Showing posts with label analytics. Show all posts
Showing posts with label analytics. Show all posts

Marketing Trends That Matter for Every Business

Seems that every conversation about marketing these days somehow raises interest in “what are the big trends in marketing?” and “what’s hot in marketing?”.  While some so-called trends may be fleeting, there are a number of recent and future trends that have or will change what and how we do marketing.

Here’s a list in no particular priority or sequence of the more frequent marketing activities and trends encountered on a daily basis:

Social Media – no question that social media has a huge impact on marketing and will continue to be one of the most prevalent trends in marketing for the foreseeable future.

Marketing Automation – there is growing interest and use of marketing automation software to plan, manage, execute and track marketing campaigns in a more structured, integrated and consistent manner.

Sales 2.0 – although there are many interpretations of what Sales 2.0 means, the primary aspects of this trend are the convergence of sales, marketing and customer collaboration using internet-based technologies and tools for improved performance.

– internet-based technologies, automation systems and database capabilities have vastly improved the availability of relevant and accurate data for analysis, performance measurement and management to improve the efficiency and effectiveness of marketing.

Metrics – there has been an explosive increase in the definition and use of standardized marketing metrics over the past several years to measure marketing performance and results in a consistent and comparable manner.

– while still a nascent trend and technology, location-based media and marketing to deliver relevant content specific to a user / customer / buyer’s location will become an increasingly important and effective approach for reaching target audiences.

Mobile – mobile technologies continue to play a more prevalent role in everyone’s personal and business life.  As mobile capabilities continue to improve and evolve, and usage increases, marketing must reach their target audiences through mobile technologies.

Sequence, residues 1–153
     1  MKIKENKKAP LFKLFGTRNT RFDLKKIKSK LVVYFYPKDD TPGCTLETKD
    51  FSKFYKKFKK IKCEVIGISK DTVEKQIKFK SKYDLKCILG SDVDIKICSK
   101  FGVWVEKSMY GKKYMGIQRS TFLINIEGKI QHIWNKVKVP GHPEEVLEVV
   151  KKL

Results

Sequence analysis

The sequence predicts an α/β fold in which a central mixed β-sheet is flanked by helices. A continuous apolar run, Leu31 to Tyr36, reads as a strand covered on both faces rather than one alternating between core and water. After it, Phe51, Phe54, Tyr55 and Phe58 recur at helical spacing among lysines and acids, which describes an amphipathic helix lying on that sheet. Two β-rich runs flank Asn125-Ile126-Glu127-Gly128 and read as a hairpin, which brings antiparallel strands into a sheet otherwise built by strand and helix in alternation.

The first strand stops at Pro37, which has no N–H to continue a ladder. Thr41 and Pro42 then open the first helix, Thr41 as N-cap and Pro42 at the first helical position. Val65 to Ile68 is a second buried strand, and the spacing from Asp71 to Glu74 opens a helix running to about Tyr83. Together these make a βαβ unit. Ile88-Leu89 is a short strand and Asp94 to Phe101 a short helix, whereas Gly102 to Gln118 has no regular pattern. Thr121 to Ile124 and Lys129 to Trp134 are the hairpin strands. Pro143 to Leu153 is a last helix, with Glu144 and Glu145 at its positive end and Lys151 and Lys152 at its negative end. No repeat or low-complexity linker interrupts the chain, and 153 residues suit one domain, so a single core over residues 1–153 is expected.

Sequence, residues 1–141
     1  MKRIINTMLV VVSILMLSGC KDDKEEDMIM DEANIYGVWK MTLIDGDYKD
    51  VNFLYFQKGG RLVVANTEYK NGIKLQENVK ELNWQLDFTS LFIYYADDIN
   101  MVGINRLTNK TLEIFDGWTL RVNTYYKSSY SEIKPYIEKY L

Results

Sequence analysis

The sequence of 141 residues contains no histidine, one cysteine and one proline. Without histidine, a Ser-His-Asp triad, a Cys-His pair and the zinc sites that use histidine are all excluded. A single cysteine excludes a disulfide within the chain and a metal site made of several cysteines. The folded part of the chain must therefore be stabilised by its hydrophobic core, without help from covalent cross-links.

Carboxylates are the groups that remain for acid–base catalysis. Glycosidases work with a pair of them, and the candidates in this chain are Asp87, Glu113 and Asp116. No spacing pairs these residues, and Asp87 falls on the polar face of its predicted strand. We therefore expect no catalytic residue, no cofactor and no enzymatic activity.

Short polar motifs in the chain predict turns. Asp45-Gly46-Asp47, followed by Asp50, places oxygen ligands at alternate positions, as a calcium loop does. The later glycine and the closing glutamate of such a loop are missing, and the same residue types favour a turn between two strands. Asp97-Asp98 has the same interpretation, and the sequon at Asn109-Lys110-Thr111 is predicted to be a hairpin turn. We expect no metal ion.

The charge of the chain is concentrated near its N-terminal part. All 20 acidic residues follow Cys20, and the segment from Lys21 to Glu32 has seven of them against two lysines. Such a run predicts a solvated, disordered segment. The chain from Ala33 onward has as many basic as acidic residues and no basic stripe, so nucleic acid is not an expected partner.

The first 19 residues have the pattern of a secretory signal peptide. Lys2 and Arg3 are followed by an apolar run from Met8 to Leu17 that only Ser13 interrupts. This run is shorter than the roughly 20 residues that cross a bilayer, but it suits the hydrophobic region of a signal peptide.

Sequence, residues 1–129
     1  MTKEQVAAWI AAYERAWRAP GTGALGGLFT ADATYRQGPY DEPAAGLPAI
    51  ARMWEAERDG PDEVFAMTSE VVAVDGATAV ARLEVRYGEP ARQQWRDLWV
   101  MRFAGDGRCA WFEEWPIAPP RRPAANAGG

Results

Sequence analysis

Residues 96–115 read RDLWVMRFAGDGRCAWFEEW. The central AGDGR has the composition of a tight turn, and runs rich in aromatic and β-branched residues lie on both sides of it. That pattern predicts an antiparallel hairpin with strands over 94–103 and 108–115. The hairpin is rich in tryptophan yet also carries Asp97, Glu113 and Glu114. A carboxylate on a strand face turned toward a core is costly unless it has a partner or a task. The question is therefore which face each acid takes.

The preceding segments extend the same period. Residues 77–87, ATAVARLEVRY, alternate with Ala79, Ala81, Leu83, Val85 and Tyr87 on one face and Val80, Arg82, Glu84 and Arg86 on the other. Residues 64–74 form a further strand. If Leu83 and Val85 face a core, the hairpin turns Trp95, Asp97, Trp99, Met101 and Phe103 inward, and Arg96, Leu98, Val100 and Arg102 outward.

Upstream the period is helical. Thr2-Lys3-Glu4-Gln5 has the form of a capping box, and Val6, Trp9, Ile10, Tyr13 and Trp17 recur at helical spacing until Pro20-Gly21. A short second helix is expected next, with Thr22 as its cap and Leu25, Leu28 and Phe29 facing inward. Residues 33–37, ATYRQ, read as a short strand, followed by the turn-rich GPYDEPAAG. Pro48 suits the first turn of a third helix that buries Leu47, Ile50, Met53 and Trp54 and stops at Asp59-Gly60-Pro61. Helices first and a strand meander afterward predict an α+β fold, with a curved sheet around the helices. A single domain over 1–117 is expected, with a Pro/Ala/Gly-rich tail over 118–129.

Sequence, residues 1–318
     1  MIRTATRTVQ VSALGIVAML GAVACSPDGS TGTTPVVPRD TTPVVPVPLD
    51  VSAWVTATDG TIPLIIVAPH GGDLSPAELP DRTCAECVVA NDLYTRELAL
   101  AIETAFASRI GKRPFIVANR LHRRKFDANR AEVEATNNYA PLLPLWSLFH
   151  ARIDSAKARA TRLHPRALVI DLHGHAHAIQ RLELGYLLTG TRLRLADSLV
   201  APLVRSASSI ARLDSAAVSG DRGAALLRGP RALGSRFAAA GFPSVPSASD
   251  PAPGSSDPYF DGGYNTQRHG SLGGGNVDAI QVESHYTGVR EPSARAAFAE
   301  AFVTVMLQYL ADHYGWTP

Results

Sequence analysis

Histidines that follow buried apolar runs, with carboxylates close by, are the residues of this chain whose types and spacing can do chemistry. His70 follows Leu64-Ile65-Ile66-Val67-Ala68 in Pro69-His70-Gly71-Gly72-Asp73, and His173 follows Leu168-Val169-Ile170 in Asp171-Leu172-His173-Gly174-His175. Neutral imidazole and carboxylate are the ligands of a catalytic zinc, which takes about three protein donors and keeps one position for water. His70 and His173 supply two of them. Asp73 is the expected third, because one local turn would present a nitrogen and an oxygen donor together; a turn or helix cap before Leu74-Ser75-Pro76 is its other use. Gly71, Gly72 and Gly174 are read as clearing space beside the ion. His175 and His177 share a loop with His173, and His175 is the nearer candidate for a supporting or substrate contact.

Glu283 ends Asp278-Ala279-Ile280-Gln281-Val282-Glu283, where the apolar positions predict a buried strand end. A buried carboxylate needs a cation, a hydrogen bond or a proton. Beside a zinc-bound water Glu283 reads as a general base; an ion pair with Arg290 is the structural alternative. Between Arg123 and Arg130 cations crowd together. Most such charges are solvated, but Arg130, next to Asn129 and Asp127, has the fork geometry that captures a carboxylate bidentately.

Inbound Marketing
– the trend from traditional ‘push’ style outbound marketing approaches such as print advertising, direct mail, trade shows, email blasts, etc. continues to shift to more effective and measurable ‘pull’ style inbound marketing methods such as search, websites, content, social media, etc.

Content – buyers and customers want information and resources to make informed buying decisions.  Content marketing uses educational, informative and authoritative content delivered in multiple media formats such websites, newsletters, white papers, articles, videos, etc. for specific target audiences.

– is one of the most important tools and resources for marketers across all types of businesses.  Search Engine Marketing (SEM) has become a sophisticated marketing strategy encompassing both Organic Search Engine Optimization (SEO) and Paid Placement methods.

Integrated Marketing – persistent campaigns and consistent messaging across multiple channels such as websites, video, online and other media advertising, content and collateral.

Adaptive Brand Marketing – the shift from traditional command-and-control and/or hub-and-spoke approaches to collaborative approaches that include new technologies and social media.  See article ‘Adaptive Brand Marketing – More Than Just Four New Ps’ for more information.

Customer Loyalty – means that a customer desires to continue doing business with a company based on their positive experience and satisfaction.  Marketing is increasingly charged with measuring and improving customer loyalty, providing loyalty programs, and driving customer-specific campaigns to get more sales from existing customers.